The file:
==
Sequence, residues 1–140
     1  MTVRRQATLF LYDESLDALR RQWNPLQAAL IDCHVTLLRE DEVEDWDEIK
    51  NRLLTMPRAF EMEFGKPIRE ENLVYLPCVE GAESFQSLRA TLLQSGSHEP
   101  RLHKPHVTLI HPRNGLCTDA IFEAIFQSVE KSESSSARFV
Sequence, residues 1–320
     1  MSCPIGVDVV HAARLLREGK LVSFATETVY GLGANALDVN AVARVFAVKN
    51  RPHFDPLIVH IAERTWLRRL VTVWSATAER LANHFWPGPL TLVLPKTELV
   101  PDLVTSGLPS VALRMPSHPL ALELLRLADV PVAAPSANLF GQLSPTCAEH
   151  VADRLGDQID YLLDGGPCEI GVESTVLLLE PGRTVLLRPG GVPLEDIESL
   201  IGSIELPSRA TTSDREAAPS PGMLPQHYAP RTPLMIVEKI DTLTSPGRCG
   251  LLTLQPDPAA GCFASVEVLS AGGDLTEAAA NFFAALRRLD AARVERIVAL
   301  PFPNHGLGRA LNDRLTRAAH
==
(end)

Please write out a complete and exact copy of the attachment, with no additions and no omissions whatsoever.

Sequence, residues 1–140
     1  MTVRRQATLF LYDESLDALR RQWNPLQAAL IDCHVTLLRE DEVEDWDEIK
    51  NRLLTMPRAF EMEFGKPIRE ENLVYLPCVE GAESFQSLRA TLLQSGSHEP
   101  RLHKPHVTLI HPRNGLCTDA IFEAIFQSVE KSESSSARFV
Sequence, residues 1–320
     1  MSCPIGVDVV HAARLLREGK LVSFATETVY GLGANALDVN AVARVFAVKN
    51  RPHFDPLIVH IAERTWLRRL VTVWSATAER LANHFWPGPL TLVLPKTELV
   101  PDLVTSGLPS VALRMPSHPL ALELLRLADV PVAAPSANLF GQLSPTCAEH
   151  VADRLGDQID YLLDGGPCEI GVESTVLLLE PGRTVLLRPG GVPLEDIESL
   201  IGSIELPSRA TTSDREAAPS PGMLPQHYAP RTPLMIVEKI DTLTSPGRCG
   251  LLTLQPDPAA GCFASVEVLS AGGDLTEAAA NFFAALRRLD AARVERIVAL
   301  PFPNHGLGRA LNDRLTRAAH